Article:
Week 2-5 - Execution Sprints: The team has an idea of the direction they're going to take and every week we decide what we should focus on. You want to avoid overspending on certain topics. That's why a check-in every week is the absolute minimum. During this check-in you discuss progress, re-evaluate the chances of shipping a good result after 6 weeks and either pivot or nullify certain features if needed. A perfect product doesn't exist, a product that's good enough and ships on time is always more valuable this early in the process. That doesn't mean you should ship a bugged product or introduce work-arounds, but choose to implement a simpler feature to solve the same problem. Towards the second part of the track, your team should really be picking up some speed

Week 6 - Launch sprint: When you're nearing the end of the cycle, your team should start preparing for launch. Focus on bugs, polish and Product Marketing. You don't want to launch a product that will frustrate users, or worse, won't even notice. And even worse, you don't want to stay in the void on the feedback and usage of your users. We see Product Marketing as a crucial part that should be controlled by the team. If you need experts on this in the team, involve them soon enough, Product Marketing really is just one of the responsibilities of the team and you want to make them accountable for it.

To keep track of this process, Basecamp introduced Hill charts, which nicely visualises the feeling during a Sprint Track. We're not using the Hill chart, but this really maps well on our approach during the 6 weeks.

Eric Ries: "In today's marketplace of uncertainty, whoever learns fastest wins"

Focus on outcome, not output

We can't stress this enough. A product should always aim to solve a problem; it needs to scratch a certain itch. The way your product impacts the behavior and how your users interact with it, is far more important than the potential output the team could deliver during an MVP cycle. Typical roadmaps often focus on what features will be launched, when you should really only be focusing on the outcome. If your outcome is reached with a minimal set of features, you're achieving this by investing in simplicity and user experience. Most successful product teams have become so efficient because of this approach.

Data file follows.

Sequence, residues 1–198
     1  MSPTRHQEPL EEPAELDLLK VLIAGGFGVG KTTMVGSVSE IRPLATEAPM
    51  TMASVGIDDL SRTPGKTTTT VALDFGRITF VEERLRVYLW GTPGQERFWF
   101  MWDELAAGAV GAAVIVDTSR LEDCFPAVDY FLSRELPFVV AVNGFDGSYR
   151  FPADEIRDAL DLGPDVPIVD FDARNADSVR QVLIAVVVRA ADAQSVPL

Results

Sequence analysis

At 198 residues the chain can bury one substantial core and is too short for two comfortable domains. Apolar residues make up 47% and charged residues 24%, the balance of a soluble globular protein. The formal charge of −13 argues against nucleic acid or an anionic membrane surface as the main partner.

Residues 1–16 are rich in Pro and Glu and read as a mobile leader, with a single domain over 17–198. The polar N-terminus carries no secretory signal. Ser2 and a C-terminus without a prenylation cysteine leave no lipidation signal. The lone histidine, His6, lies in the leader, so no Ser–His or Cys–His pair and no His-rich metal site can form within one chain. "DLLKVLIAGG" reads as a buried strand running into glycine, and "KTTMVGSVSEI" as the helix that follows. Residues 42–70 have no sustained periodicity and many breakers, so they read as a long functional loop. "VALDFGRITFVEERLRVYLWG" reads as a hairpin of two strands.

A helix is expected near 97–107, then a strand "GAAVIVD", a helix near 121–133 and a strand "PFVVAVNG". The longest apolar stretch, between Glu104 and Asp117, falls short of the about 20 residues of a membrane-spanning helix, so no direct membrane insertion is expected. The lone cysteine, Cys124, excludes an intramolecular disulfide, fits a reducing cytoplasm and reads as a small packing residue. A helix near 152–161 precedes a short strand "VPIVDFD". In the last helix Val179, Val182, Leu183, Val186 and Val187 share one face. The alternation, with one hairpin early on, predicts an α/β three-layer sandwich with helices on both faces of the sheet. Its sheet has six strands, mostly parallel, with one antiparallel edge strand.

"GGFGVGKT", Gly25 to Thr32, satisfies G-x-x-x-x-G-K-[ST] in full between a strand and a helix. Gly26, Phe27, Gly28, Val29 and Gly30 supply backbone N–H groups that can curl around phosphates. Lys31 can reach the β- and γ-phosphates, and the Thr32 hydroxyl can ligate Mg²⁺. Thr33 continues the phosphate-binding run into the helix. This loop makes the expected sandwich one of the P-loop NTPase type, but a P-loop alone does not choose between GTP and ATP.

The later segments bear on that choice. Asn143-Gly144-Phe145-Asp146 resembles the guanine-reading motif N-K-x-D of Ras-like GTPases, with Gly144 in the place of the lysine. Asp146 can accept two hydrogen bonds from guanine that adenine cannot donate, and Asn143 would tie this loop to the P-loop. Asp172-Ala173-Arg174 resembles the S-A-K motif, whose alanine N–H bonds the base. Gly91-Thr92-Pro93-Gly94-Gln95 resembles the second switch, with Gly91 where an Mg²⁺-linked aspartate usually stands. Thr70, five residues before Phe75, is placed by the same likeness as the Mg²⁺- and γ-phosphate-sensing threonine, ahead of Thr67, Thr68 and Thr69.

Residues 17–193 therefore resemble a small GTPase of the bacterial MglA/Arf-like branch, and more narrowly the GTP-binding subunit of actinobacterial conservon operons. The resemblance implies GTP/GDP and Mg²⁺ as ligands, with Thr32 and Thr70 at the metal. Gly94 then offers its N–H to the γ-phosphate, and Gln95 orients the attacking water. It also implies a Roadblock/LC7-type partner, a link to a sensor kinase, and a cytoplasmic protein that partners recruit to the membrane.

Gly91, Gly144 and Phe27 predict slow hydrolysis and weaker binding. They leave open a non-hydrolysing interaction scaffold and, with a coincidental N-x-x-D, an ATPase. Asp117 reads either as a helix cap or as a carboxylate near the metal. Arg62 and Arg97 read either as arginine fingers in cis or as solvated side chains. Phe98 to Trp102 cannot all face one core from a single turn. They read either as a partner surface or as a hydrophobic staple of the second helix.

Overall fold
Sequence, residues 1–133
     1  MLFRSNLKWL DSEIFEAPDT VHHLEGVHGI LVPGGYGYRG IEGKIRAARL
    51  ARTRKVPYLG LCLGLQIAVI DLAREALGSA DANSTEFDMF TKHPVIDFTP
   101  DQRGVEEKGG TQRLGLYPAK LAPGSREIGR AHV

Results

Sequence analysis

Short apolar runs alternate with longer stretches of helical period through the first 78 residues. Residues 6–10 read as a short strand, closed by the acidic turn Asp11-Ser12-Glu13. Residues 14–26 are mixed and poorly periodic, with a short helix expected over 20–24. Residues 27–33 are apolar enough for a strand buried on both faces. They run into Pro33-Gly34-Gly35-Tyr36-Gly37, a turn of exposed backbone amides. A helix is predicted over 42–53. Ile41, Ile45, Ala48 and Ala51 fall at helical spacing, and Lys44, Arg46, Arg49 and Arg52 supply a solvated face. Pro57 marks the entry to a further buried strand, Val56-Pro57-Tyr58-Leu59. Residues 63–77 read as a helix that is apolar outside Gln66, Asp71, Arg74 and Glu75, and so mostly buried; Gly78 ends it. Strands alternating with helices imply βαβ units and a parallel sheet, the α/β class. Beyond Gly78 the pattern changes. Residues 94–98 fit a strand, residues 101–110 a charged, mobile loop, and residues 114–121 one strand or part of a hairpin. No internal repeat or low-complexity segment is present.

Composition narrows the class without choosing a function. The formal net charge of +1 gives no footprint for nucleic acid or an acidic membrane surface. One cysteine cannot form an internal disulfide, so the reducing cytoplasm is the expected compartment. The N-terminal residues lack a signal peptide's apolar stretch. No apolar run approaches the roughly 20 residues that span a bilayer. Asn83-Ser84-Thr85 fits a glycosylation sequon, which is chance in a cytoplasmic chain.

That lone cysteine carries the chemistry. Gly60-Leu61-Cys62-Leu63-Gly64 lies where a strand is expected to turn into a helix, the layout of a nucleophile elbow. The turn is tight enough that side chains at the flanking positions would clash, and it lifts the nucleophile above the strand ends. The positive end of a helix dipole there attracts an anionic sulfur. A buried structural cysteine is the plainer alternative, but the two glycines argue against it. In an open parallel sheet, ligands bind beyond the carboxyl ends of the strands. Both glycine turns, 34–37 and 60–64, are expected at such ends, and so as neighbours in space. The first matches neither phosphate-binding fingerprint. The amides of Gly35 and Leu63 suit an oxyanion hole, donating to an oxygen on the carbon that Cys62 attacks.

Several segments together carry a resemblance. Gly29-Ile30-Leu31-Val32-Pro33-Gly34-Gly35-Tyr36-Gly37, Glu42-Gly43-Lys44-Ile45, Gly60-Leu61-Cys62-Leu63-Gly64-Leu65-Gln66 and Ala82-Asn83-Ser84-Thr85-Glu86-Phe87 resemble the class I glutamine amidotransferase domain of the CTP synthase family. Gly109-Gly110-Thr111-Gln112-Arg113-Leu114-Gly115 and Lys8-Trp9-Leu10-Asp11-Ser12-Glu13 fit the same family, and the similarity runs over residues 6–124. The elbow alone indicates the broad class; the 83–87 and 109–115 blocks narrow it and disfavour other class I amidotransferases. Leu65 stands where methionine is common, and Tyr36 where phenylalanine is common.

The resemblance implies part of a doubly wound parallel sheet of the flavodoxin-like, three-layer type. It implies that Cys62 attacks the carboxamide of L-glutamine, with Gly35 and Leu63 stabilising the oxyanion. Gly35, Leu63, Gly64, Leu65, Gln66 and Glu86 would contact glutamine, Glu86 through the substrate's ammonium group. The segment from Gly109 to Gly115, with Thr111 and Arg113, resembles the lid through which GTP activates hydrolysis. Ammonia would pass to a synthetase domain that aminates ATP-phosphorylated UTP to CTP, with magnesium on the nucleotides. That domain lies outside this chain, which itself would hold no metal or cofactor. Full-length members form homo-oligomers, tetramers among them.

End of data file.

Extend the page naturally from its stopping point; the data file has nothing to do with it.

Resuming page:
That's why it's really hard to plan what the final output of your team pas 6-week-cycle is gonna be like. After having launched your first MVP you gather enough data to plan for the next 6 weeks which will then create a brand-new MVP, and the cycle begins anew. We don't like to spend too much time beyond this timeframe but focus solely on gaining the best results on the proposed outcome. Beyond that, we only talk potential focus areas, but those will only become clearer after each launch.

Janna Bastow from Prodpad wrote about this on Twitter and it really hit a nerve in the Product community. Try explaining your roadmap like this, the next time someone asks you to present your roadmap and see what happens!

This is the first article of our Trust the process series, where we explain our way of working. Follow us on linkedin, Facebook or Twitter to see updates or join or mailing list!